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Port Of Oakland Back Open After Newsom Herds Protesters Into ‘Free Speech Zones’

Protesting truckers that had ground the Port of Oakland to a standstill for the past week to express their disapproval of a new labor law allowed the port to resume operations Monday without gaining any major concessions.

Cargo at California’s third-largest port began moving again after Democratic California Gov. Gavin Newsom and the Port of Oakland vowed to crack down on protesters disrupting port operations, Reuters reported. The Port of Oakland sent a letter to truckers on July 21 which said that they should restrict their demonstrations to designated “free speech zones,” noting that those who don’t comply would be “cited and penalized” by police, The Wall Street Journal reported.

Truckers had been protesting legislation, Assembly Bill 5 (AB 5) that would reclassify them as employees rather than independent contractors, according to previous Daily Caller News Foundation reporting. The law was meant to protect gig workers at companies like Uber and Lyft from exploitation, but many truckers feel that it would ruin their business model. (RELATED: Workers Of The World Are Uniting To Throttle Supply Chains)

In a statement, Newsom’s office told the Daily Caller News Foundation that although “it has been the subject of litigation, AB 5 was enacted in 2019, so no one should be caught by surprise by the law’s requirements at this time. The industry should focus on supporting this transition just as California has and continues to do.”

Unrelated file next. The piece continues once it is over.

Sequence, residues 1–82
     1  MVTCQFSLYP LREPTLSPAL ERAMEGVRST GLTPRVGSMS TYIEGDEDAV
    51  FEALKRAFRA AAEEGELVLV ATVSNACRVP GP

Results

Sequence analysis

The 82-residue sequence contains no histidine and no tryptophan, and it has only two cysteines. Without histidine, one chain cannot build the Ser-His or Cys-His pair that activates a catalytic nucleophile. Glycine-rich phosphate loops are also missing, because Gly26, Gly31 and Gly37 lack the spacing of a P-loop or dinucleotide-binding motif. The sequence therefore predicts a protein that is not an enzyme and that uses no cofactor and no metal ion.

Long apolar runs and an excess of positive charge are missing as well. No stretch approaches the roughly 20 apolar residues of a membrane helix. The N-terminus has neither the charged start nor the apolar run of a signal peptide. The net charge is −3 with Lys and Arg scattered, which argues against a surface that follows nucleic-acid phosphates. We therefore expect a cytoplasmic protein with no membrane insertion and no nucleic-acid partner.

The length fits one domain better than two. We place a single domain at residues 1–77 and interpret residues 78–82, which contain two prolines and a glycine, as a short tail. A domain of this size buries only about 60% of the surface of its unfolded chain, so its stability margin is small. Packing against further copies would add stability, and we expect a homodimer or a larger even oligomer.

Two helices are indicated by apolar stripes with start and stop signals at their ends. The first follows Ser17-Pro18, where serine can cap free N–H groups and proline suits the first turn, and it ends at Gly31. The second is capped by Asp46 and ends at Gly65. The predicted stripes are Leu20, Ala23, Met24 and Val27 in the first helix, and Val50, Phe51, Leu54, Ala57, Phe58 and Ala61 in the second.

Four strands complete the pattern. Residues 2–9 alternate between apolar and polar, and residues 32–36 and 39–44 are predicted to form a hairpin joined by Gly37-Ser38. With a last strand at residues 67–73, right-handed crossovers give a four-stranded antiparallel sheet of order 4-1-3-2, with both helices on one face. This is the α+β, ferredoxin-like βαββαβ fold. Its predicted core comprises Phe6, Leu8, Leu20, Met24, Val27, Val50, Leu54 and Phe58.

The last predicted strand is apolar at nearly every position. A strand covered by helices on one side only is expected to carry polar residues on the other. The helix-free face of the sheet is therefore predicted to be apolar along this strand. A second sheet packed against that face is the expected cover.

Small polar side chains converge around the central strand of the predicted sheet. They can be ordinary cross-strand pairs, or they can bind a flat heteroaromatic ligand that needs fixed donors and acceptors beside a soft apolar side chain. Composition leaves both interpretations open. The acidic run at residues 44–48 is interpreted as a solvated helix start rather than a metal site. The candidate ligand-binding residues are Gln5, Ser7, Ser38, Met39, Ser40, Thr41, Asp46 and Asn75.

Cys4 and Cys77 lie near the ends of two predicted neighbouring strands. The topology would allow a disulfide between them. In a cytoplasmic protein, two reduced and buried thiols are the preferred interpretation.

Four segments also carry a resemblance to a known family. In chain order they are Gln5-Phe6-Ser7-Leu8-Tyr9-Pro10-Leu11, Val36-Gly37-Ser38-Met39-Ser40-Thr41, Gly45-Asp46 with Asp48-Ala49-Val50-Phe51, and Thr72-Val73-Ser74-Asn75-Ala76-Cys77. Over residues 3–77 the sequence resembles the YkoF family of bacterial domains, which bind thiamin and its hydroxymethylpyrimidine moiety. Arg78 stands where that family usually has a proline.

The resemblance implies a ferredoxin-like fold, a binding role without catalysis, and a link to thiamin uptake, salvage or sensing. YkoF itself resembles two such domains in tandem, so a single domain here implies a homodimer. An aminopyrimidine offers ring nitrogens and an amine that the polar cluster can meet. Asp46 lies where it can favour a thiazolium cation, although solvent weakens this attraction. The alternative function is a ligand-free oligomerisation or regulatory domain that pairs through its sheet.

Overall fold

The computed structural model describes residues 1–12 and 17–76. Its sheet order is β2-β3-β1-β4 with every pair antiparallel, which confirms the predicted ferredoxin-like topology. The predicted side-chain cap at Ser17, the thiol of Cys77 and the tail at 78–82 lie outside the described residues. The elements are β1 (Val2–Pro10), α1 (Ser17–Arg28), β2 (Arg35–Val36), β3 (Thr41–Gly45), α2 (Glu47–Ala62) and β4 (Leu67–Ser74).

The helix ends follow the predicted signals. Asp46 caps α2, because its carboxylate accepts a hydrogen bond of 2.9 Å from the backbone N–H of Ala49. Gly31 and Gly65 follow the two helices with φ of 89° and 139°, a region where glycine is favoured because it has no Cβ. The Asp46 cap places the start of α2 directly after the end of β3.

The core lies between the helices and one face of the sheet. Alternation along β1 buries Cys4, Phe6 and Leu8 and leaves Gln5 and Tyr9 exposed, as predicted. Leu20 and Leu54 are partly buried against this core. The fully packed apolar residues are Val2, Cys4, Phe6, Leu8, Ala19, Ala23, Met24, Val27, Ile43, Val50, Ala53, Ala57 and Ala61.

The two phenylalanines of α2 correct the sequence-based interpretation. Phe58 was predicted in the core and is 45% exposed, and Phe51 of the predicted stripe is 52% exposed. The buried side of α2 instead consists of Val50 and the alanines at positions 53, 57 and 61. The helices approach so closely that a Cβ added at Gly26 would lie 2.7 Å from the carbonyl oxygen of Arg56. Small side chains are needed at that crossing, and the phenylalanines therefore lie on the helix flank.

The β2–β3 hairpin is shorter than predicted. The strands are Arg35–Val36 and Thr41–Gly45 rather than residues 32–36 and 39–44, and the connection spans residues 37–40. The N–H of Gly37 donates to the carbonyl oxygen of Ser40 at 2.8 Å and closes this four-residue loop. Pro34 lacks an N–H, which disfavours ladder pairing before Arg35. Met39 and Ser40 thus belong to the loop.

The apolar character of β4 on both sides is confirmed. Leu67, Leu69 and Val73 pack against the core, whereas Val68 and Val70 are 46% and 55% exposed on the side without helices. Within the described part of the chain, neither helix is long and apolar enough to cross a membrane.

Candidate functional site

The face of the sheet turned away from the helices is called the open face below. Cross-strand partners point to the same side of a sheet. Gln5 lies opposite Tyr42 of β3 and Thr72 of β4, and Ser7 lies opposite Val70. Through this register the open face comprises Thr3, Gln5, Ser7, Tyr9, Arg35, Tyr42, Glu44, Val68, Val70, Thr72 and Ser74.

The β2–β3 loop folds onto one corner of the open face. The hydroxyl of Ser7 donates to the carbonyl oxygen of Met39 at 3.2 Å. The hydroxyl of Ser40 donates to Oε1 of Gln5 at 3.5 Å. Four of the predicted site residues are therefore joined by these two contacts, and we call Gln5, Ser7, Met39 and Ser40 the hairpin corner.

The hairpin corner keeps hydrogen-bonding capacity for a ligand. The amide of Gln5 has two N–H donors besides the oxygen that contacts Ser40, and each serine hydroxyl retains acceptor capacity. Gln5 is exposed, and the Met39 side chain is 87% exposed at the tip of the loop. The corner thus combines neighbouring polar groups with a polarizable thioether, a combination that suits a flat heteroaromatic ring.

Newsom’s office has not reached out to the truckers since they began protesting, Rashpal Singh, an Oakland-based trucker, told the DCNF.

“I don’t think the government is going to listen … we haven’t heard anything from them,” Singh said.

Truckers remain opposed to AB 5 but want to avoid a criminal record and continued financial strain, Supply Chain Drive reported.

“If we continue only we will hurt ourselves and port of Oakland business,” Japi Samra, an owner-operator of 10 years, told Supply Chain Drive.

Some not-insignificant number of California’s 70,000 owner-operator truckers could leave the industry due to AB 5, putting increased strain on supply chains at a time when they’re already delayed across the country generally, and in California specifically, according to prior DCNF reporting.

The Port of Oakland did not immediately respond to the DCNF’s request for comment.

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